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Senate Primaries Are a Mixed Bag for GOP in 2004

One of the reasons some observers believe Democrats have an even chance of taking control of the Senate next year — a view that I do not share — is that the large number of Republican primaries allegedly will hurt the party’s prospects. [IMGCAP(1)]

In fact, there are two kinds of primaries: some that are likely to help the party’s eventual nominee and others that could damage the nominee’s prospects. The Republicans face both varieties of primary contests in 2004.

The Democrats have (or have had) primaries in three states with top-tier races this year: Illinois, Georgia and Florida. The Republican list is more than twice as long: Illinois, Georgia, Florida, Pennsylvania, Colorado, Alaska, Oklahoma and South Carolina.

Louisiana, with its open primary, is a unique case, and currently involves what is tantamount to a Democratic primary, since three Democrats are vying for a place in the runoff. The Republicans had a primary in second-tier California, and they face one in another longer-shot opportunity, Wisconsin.

If primaries were inevitably fatal to Senate candidates, then Peter Fitzgerald (R-Ill.), Charles Schumer (D-N.Y.), John Edwards (D-N.C.), Mark Dayton (D-Minn.) and Maria Cantwell (D-Wash.), to name just a few, would not be in the Senate today. Each survived a competitive primary and went on to beat an incumbent officeholder who did not face a stiff primary challenge.

Some primaries, of course, do cause damage. Erskine Bowles probably was hurt by a multicandidate 2002 North Carolina Democratic Senate primary that was delayed until September. Not only was he forced to expend resources to win his party’s nomination, but the primary divided Democratic constituencies and some Democratic voters were slow to warm to his candidacy. Still, I doubt that Bowles would have defeated Elizabeth Dole (R) in the general election even if he had been able to avoid a primary contest.

More important than whether there is a primary is its timing and the quality of the candidates involved.

Oklahoma looks to be a potentially messy GOP contest, with three Republican candidates seeking the Senate nod. The party is divided between its Oklahoma City and non-Oklahoma City wings, and differences in style and on some issues (trade, for example) could produce a nominee unable to unite the party for the fall fight.

South Carolina is a similar situation. With four major candidates seeking the Republican nomination, the party risks being divided over geography, trade and personality.

Former Gov. David Beasley, the best known of the hopefuls, carries the most political and personal baggage. Rep. Jim DeMint comes from the northwest part of the state, the same general area that Sen. Lindsey Graham (R) also calls home. That’s a potential problem in a fall election, since many voters in the “Low Country,” which includes Charleston, will not like to see both Senators coming from the Greenville-Spartanburg-Anderson area.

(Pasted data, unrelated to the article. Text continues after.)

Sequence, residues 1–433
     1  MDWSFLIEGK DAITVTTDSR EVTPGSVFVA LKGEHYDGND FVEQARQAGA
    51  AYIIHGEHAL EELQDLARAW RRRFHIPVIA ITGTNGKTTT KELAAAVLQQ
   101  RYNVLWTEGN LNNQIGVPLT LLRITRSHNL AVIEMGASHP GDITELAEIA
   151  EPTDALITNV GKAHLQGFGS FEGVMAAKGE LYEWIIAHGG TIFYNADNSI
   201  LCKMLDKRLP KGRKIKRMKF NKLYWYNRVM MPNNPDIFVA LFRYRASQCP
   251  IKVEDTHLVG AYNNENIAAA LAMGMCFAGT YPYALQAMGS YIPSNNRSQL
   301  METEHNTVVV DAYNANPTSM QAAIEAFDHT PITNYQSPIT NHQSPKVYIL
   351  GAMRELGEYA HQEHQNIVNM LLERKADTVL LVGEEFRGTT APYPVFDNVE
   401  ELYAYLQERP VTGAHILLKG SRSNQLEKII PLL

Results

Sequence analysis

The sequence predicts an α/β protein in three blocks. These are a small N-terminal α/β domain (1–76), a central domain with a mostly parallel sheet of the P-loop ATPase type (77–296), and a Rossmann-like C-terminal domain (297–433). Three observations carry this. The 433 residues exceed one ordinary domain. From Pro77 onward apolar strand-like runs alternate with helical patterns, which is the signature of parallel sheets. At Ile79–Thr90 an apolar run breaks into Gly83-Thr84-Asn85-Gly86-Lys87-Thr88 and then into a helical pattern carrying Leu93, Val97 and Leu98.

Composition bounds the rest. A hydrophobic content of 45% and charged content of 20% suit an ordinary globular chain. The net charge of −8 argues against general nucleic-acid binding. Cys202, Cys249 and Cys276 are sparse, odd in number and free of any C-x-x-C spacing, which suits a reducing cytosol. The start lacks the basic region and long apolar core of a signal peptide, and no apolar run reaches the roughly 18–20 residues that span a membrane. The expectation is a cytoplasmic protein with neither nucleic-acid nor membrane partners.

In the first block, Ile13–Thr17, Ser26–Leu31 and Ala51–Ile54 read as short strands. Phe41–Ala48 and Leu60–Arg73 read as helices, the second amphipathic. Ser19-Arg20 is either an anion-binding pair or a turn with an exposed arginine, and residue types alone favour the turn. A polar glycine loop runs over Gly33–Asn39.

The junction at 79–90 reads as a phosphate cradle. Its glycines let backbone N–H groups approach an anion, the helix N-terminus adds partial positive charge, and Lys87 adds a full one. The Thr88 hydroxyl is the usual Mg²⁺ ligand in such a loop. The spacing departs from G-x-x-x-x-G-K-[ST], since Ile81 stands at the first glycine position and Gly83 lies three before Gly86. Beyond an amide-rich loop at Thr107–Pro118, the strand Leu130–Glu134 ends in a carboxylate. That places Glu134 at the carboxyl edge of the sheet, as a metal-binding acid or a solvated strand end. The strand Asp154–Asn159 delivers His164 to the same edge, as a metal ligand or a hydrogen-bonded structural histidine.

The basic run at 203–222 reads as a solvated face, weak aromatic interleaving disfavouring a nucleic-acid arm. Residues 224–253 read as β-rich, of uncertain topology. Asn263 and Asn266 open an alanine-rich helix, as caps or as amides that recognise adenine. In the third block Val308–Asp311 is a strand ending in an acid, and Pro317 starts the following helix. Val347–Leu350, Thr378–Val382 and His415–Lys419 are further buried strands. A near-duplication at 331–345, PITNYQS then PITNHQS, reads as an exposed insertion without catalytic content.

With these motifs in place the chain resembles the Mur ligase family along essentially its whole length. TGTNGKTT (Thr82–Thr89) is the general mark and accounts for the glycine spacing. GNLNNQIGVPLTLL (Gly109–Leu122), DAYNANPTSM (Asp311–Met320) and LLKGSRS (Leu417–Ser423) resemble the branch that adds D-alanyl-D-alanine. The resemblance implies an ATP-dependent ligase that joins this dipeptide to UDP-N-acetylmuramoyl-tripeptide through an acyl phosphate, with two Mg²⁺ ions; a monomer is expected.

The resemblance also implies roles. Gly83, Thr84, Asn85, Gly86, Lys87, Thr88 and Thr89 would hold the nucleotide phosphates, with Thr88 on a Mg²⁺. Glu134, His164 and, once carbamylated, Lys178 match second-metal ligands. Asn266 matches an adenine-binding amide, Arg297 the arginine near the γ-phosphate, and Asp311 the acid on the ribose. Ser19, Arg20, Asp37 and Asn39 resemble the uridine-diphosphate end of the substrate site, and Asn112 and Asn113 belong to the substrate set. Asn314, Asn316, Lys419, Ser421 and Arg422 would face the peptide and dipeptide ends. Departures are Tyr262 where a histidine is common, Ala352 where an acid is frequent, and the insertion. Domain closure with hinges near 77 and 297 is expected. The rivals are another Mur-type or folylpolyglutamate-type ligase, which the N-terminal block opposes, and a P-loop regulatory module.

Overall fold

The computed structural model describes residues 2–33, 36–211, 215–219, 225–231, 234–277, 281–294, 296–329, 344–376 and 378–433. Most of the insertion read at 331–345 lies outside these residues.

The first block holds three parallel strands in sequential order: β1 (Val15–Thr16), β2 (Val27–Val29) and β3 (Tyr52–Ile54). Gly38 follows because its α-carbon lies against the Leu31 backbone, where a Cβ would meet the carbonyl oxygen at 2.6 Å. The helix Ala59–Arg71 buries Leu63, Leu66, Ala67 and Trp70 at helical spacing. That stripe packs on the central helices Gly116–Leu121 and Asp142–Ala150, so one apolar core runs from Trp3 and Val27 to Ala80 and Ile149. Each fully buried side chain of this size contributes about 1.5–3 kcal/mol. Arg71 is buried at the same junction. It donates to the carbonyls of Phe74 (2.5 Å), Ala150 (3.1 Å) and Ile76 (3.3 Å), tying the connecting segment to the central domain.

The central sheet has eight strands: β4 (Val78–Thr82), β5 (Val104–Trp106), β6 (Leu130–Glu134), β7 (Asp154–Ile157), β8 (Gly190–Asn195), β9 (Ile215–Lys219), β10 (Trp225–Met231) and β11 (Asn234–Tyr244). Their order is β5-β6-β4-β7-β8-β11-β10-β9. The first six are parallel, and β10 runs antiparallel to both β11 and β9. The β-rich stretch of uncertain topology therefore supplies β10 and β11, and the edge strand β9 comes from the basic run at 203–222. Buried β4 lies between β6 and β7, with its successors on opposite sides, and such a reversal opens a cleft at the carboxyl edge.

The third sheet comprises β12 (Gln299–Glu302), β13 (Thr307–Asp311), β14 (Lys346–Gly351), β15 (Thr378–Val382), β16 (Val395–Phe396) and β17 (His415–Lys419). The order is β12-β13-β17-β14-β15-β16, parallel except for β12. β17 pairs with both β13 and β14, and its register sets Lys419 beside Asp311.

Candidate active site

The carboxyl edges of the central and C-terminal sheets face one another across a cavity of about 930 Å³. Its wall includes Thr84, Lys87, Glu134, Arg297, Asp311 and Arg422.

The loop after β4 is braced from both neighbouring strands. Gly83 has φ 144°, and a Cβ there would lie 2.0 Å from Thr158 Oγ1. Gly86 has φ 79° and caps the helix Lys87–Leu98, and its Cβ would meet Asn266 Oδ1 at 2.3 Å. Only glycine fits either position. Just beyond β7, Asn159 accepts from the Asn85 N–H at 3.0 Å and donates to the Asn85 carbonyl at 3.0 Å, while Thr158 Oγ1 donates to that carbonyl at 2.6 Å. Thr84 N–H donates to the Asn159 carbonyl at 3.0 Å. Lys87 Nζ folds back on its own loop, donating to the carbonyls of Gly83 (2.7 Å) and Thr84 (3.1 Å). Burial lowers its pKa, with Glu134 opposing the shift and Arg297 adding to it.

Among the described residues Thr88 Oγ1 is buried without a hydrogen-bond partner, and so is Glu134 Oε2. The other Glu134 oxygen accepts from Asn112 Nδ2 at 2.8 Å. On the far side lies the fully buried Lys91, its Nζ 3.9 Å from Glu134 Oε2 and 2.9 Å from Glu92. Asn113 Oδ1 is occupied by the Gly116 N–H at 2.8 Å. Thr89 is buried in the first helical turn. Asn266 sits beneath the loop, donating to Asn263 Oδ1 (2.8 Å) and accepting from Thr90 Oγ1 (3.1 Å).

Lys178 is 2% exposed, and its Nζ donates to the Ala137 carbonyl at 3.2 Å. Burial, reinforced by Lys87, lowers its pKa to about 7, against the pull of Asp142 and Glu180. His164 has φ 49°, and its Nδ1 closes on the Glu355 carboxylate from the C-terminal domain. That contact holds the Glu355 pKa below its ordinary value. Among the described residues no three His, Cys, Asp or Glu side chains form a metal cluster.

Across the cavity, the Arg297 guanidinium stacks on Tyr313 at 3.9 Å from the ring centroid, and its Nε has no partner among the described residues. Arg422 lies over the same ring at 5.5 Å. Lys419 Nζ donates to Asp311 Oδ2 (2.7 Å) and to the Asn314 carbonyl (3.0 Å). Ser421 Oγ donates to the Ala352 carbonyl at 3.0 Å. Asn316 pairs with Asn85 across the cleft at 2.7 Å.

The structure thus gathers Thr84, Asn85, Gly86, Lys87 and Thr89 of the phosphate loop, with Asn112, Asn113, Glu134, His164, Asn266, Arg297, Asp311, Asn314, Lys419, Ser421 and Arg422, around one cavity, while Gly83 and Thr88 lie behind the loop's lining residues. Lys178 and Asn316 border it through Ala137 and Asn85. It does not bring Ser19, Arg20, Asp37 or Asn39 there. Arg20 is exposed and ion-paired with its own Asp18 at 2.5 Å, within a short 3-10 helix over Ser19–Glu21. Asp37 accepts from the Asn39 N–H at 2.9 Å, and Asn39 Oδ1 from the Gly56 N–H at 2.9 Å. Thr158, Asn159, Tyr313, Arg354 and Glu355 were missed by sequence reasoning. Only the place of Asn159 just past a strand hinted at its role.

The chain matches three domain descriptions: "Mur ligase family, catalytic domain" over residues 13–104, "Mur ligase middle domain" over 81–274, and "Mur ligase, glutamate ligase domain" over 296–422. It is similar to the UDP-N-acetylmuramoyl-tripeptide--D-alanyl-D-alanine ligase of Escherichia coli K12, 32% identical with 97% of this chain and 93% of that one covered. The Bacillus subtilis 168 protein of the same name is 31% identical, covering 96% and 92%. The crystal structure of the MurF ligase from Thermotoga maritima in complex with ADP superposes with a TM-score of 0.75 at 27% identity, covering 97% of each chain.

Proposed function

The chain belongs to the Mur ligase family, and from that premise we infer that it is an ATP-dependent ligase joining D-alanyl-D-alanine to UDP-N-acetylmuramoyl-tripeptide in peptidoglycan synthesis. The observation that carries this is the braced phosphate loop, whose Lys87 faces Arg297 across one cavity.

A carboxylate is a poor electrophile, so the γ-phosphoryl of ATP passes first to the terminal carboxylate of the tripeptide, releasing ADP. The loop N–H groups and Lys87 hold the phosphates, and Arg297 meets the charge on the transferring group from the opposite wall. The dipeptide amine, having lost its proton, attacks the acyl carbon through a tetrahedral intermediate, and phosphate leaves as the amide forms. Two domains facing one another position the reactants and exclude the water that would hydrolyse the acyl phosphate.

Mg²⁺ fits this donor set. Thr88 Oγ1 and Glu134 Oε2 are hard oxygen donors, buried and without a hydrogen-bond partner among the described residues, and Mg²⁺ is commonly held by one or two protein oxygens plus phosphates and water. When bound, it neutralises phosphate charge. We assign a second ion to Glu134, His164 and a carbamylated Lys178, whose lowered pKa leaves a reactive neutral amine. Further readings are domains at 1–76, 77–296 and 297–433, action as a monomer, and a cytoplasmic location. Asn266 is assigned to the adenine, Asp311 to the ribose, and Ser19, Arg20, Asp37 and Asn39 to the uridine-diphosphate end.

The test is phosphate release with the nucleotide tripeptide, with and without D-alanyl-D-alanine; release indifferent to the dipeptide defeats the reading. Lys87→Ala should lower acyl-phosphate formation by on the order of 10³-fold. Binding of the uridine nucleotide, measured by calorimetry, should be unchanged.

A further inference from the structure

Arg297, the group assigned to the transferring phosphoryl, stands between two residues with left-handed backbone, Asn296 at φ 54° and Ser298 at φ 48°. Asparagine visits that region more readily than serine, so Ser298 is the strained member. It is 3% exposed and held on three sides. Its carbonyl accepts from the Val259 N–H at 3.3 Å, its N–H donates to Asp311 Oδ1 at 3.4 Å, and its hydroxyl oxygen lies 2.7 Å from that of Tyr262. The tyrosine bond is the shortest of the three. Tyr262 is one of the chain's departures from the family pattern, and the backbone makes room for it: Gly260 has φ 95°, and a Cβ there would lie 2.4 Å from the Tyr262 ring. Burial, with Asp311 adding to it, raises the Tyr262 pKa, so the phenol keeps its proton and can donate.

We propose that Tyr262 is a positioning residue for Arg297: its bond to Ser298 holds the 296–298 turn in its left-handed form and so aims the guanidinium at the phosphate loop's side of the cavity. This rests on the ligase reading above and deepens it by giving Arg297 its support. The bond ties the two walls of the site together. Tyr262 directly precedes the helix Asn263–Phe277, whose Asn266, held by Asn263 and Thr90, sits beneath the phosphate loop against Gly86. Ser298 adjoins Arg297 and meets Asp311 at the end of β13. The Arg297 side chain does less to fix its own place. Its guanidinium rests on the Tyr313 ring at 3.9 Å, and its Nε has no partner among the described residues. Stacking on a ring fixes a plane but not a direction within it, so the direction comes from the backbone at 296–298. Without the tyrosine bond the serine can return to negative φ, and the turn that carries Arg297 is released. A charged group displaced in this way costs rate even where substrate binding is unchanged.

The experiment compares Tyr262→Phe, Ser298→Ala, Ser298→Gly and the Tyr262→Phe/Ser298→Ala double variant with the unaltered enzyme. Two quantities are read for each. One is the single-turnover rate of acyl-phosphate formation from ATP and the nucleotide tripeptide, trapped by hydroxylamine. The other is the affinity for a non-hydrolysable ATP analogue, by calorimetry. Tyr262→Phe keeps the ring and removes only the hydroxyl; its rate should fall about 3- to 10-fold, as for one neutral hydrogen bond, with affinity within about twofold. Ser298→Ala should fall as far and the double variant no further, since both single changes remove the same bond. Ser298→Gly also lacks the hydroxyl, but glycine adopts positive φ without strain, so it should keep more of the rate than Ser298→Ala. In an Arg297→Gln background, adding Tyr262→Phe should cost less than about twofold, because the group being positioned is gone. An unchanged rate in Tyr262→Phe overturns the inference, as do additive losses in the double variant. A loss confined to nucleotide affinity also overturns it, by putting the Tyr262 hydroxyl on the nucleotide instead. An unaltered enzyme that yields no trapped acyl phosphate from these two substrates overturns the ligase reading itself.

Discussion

Still, the South Carolina runoff is in late June, early enough for the party to come together and for the ultimate nominee to start raising cash for the general election. Oklahoma’s runoff is in late August, leaving less time for the nominee to heal wounds. Unfortunately for Republicans, the Democrats have strong contenders in both South Carolina (Superintendent of Education Inez Tenenbaum) and Oklahoma (Rep. Brad Carson).

Sen. Arlen Specter’s primary in Pennsylvania is a problem because of the possibility that challenger Rep. Pat Toomey might pull off an upset. Specter would likely coast to re-election against Rep. Joe Hoeffel (D), who appears to be running another classically underfunded Democratic Senate effort in the state. But Republicans would have a general election battle on their hands if Toomey is the party’s nominee.

While all of those primaries could cause considerable trouble for the Republicans, primaries in Colorado and Alaska could help the GOP. In Colorado, where Attorney General Ken Salazar (D) starts out ahead, the GOP primary contest should help former Congressman Bob Schaffer and businessman Peter Coors raise their profiles.

A primary could be particularly useful for Coors, since it will provide him an opportunity to sharpen his message and candidate skills. If he wins, he could come out of the primary with considerable steam, much the way Sen. John Kerry (Mass.) came out of his party’s presidential race. And because both Republicans are relatively conservative and Coors is widely seen as likable, the primary could well serve to unite Republicans, not divide them.

In Alaska, where former Gov. Tony Knowles (D) is a strong contender, Sen. Lisa Murkowski’s only problem is her appointment by her father — and her father’s low approval ratings as governor. A primary challenge by former state Sen. Mike Miller will give some Republicans a chance to express their dissatisfaction with the governor, his apparent nepotism and his daughter. It will also give Sen. Murkowski’s campaign an opportunity to define her as separate from her father well before she faces Knowles.

Clearly, not all primaries are created equal. The GOP’s ability to retain, or expand, its Senate majority could depend on its ability to turn primaries from a possible liability to an ultimate asset.

Stuart Rothenberg is editor of the Rothenberg Political Report.

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